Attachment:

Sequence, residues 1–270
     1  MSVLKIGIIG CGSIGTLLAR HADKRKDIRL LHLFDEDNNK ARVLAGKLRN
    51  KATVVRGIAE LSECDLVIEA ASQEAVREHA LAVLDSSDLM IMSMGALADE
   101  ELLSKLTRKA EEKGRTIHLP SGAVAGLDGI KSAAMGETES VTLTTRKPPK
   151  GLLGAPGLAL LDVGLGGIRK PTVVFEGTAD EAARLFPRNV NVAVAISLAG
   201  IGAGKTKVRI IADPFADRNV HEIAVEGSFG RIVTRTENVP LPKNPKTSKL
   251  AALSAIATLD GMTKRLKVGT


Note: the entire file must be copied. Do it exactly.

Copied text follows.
Sequence, residues 1–270
     1  MSVLKIGIIG CGSIGTLLAR HADKRKDIRL LHLFDEDNNK ARVLAGKLRN
    51  KATVVRGIAE LSECDLVIEA ASQEAVREHA LAVLDSSDLM IMSMGALADE
   101  ELLSKLTRKA EEKGRTIHLP SGAVAGLDGI KSAAMGETES VTLTTRKPPK
   151  GLLGAPGLAL LDVGLGGIRK PTVVFEGTAD EAARLFPRNV NVAVAISLAG
   201  IGAGKTKVRI IADPFADRNV HEIAVEGSFG RIVTRTENVP LPKNPKTSKL
   251  AALSAIATLD GMTKRLKVGT